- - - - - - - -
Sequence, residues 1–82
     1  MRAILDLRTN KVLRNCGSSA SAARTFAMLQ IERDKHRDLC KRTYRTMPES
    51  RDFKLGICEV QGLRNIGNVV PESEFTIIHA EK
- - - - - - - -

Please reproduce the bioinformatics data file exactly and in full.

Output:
Sequence, residues 1–82
     1  MRAILDLRTN KVLRNCGSSA SAARTFAMLQ IERDKHRDLC KRTYRTMPES
    51  RDFKLGICEV QGLRNIGNVV PESEFTIIHA EK